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‘X-Factor’ rule will be successful because of its immediate impact, says Lehmann

ANI/Brisbane
Filed on November 16, 2020
Cricket Australia on Monday introduced three new rule innovations. — Twitter

The toughest challenge will be telling the player he is been subbed out

Brisbane Heat head coach Darren Lehmann feels that the new ‘X-Factor’ substitution rule, introduced for this edition of Big Bash League, will be more successful because of its immediate impact on the game than the Supersub rule that was used briefly in ODIs.

Cricket Australia on Monday introduced three new rule innovations (Power Surge, X-Factor Player, and Bash Boost) that will be implemented in the upcoming edition of BBL.

The batting side will be given more control over its innings with the addition of the Power Surge. The power play has been shortened to four overs, fixed to the start of the innings. An additional two over “Power Surge” can be taken by the batting team any time from the 11th over onwards.

The teams will also have the ability to change strategy at the 10 over-mark of the first innings and substitute in an X-Factor player. This player, named as either the 12th or 13th player on the team sheet, can replace any player who is yet to bat or bowl no more than one over.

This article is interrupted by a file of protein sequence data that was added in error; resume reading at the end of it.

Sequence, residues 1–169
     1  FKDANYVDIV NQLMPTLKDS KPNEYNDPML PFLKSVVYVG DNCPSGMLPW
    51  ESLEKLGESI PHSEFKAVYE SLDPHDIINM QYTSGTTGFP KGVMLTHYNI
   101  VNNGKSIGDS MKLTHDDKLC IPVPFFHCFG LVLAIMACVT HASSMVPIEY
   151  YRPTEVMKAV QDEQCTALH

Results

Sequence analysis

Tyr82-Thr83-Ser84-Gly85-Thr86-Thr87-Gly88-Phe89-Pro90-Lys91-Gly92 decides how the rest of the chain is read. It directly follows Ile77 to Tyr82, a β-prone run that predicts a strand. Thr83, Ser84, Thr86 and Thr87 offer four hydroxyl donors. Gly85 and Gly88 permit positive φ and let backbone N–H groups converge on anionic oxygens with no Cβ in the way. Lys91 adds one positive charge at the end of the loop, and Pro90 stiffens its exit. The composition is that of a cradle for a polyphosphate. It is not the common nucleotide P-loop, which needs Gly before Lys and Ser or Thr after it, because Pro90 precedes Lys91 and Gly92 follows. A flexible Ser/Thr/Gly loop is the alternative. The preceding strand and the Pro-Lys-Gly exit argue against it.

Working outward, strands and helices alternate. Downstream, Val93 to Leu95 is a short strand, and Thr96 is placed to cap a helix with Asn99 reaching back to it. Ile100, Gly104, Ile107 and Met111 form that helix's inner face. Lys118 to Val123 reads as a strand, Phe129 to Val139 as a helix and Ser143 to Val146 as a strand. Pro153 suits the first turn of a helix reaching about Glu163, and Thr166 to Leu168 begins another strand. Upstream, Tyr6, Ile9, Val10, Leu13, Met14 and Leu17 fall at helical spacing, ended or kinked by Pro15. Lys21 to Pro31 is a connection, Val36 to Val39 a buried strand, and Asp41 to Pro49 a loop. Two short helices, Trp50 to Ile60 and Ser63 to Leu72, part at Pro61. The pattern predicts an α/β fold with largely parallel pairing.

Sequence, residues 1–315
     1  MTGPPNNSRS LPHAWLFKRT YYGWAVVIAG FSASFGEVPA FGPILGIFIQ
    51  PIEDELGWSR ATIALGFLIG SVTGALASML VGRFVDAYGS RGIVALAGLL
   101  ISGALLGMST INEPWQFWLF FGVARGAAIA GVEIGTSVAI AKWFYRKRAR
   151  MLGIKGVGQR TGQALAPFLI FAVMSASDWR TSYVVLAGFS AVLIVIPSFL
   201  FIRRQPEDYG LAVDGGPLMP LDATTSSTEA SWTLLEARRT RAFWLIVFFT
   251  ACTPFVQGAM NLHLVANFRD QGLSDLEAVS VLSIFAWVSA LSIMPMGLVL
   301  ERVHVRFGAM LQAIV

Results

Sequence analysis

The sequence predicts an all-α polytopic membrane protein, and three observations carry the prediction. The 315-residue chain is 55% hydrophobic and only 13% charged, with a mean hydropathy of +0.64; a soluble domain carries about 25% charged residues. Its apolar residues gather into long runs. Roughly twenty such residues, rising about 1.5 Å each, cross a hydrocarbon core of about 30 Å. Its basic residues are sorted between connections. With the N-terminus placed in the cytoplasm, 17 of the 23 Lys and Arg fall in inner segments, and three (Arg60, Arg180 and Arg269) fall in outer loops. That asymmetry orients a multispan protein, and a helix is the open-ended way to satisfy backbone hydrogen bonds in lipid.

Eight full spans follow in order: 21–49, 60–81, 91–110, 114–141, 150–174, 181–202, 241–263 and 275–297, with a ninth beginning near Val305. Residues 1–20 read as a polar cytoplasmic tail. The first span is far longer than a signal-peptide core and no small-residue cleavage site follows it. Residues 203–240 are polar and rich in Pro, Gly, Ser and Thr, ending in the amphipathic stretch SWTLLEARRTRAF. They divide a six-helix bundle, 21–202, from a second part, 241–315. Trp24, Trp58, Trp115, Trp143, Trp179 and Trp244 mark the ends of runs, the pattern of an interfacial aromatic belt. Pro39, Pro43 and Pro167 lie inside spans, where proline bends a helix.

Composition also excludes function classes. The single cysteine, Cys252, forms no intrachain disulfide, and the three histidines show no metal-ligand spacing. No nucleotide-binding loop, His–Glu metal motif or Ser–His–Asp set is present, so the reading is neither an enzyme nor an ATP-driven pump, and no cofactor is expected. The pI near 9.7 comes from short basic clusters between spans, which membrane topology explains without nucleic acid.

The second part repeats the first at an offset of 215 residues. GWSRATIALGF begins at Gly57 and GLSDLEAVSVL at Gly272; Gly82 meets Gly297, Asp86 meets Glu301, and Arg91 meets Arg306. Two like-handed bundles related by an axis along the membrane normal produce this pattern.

“I think this one [will be more] successful because it is an immediate impact on the game and it can allow you to bring the games closer together I would think,” ESPNcricinfo quoted Lehmann as saying.

“That’s just me and my personal opinion. Instead of getting bowled out for 110-120, you should with the extra batter be able to make a decent score, 140 or 150, if you’re in trouble. The same with bowling, you get an extra bowling option if you’ve made a lot of runs. In essence, I think it will make the games closer.

“Fifteen years ago, I think we just ended up using an allrounder who could do a bit of both. I think it gives you a bit more flexibility,” he added.

He said the toughest challenge will be telling the player he is been subbed out, something he admitted he would have hated as a player.

“Pre-heart attack I would have blown up, post-heart attack I would be pretty relaxed. It’s going to be tough on the player. For me, I would have found that quite frustrating because you’re expecting to play in front of a big crowd, hopefully, and you’d want to showcase your skills,” Lehmann said.

“So that’s going to be really hard on the player. That’s the hardest one, being subbed out. So we’ll have to work through that,” he added.





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